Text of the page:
Anil Mistry, director and mortgage broker at RNR Mortgage Solutions, said that if lenders adopted a 24-hour notice period it would “alleviate the challenges faced by brokers, but it would also prioritise the needs of clients and align more closely with the principles of Consumer Duty”.

Adam Smith, founder at Alfa Mortgages, agreed, saying it would not only make the industry more professional, put clients interests at the forefront but also be in line with Consumer Duty principles.

Rohit Kohli, operations director at The Mortgage Stop, said a 24-hour minimum notice period “should be the norm” and 48-hour notice periods should be “considered best practice”.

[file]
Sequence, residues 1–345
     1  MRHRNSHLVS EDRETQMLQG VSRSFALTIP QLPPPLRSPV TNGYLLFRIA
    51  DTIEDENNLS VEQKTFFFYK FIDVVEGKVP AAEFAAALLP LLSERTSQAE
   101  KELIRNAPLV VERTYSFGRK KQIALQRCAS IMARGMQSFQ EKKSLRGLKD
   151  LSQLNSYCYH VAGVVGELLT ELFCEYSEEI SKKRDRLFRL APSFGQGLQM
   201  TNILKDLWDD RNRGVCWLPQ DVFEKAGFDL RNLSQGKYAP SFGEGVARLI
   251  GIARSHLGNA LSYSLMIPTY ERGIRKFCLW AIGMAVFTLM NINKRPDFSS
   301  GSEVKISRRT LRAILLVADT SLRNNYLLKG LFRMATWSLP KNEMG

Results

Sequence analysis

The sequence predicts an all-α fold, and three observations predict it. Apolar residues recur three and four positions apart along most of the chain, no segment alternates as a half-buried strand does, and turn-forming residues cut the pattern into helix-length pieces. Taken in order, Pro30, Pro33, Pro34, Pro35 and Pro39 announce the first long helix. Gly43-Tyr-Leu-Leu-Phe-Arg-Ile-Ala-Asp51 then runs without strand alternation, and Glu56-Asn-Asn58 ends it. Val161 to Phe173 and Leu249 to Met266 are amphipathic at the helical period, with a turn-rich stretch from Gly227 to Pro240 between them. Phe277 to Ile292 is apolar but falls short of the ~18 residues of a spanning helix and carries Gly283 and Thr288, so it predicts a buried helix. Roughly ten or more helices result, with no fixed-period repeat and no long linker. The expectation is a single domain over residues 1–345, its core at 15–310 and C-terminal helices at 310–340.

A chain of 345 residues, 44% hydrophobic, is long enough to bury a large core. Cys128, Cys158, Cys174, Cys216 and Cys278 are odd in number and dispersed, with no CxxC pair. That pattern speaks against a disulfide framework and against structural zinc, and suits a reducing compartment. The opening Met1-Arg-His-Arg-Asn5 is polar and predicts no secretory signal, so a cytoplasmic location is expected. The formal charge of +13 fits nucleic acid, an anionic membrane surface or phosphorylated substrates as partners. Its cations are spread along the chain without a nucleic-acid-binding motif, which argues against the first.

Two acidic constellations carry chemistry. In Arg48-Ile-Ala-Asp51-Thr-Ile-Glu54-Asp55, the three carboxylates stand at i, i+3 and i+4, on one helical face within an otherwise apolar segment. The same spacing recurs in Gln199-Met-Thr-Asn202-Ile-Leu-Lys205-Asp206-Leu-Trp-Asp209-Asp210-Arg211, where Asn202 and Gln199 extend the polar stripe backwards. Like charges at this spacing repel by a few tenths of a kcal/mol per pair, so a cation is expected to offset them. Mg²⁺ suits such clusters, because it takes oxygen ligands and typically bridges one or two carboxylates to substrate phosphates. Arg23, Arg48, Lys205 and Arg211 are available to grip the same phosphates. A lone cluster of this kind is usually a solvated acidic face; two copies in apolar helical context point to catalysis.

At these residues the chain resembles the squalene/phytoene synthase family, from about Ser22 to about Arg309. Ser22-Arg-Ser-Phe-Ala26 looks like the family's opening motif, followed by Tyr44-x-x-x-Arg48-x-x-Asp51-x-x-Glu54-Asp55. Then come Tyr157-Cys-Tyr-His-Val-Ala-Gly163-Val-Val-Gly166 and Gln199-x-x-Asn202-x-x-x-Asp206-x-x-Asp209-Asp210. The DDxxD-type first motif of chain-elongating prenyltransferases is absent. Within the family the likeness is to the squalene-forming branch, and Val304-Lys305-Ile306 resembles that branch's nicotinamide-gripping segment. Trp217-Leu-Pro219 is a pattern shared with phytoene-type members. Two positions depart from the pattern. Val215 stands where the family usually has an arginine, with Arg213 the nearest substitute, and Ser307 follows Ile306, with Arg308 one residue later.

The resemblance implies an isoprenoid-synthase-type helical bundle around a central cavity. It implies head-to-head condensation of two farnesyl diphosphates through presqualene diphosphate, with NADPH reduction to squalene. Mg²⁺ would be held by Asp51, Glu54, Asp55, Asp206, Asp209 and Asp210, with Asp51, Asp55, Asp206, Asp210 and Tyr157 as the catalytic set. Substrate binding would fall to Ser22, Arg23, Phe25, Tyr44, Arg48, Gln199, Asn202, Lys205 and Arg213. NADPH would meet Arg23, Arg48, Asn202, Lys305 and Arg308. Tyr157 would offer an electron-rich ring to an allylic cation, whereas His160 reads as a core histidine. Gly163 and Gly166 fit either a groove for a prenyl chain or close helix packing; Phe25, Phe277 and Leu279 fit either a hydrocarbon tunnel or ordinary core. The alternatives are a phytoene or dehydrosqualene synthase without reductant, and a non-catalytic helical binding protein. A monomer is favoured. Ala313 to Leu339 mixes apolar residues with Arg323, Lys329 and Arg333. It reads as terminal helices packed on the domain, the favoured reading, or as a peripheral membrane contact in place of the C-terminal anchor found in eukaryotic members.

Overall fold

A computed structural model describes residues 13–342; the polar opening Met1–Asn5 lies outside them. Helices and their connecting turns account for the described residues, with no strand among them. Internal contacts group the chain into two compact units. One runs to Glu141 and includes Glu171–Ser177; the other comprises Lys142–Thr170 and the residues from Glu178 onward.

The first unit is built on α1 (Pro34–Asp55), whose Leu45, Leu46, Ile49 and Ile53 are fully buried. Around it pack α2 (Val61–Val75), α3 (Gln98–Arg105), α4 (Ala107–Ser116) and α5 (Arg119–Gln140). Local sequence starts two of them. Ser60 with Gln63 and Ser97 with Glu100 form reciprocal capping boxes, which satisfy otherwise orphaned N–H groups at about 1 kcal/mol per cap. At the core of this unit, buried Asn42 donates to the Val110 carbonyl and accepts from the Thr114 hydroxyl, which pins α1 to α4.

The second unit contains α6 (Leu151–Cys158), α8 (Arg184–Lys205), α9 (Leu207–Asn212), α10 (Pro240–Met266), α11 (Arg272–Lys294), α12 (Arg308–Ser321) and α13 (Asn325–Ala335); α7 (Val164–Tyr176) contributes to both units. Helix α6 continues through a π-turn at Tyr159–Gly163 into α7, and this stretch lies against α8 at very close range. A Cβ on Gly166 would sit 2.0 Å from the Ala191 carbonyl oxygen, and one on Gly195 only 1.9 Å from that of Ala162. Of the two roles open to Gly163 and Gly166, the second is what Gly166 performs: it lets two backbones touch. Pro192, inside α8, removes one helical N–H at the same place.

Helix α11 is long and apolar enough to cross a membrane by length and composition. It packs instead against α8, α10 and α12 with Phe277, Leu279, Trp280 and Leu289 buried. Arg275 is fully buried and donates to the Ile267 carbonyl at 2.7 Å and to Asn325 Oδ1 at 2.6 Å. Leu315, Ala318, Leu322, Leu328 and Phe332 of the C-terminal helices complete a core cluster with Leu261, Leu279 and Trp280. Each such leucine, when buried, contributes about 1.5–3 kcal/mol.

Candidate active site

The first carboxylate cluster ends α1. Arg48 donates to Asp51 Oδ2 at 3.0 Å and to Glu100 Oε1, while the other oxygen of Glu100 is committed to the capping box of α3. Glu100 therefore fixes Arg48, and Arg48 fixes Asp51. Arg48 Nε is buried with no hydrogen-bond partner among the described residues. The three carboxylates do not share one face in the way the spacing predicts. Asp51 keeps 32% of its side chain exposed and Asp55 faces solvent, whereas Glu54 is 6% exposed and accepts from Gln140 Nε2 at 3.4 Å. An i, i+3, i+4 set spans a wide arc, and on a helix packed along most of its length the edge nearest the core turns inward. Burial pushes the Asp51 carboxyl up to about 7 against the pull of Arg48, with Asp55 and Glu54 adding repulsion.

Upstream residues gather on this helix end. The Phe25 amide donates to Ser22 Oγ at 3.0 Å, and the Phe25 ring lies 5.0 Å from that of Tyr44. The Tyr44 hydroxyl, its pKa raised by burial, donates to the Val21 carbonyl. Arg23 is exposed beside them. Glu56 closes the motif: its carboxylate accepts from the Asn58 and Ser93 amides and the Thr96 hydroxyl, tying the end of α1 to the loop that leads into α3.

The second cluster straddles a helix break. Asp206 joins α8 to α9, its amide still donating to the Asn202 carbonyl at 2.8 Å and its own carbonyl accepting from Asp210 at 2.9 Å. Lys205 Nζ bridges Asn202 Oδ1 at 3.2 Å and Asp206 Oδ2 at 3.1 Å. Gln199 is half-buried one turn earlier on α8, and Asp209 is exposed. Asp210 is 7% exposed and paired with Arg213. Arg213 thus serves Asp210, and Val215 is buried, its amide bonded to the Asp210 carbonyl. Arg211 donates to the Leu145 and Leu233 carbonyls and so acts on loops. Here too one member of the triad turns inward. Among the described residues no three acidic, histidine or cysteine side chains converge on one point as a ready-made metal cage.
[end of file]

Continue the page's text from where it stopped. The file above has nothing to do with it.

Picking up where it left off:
“It’s evident that when rates are on a downward trend, lenders do not display the same urgency to adjust their offerings, which makes their justification for rapid changes when rates rise appear inconsistent.

“Lenders’ capacity to react swiftly when rates are rising should be matched by a similar commitment when rates are falling. More importantly, any significant changes that could impact clients should be communicated in a timely and transparent manner, irrespective of market trends.

This is a campaign we wholeheartedly support,” he added.


Pledge ‘great in principle’ but fear of unintended consequences

However, some brokers said a 24-hour minimum notice period could have unintended consequences of more cautious pricing and was unlikely to be taken up by lenders.

Matthew Jackson, director at Mint FS, said that whilst he supported the measure, he doubted that lenders would take any notice.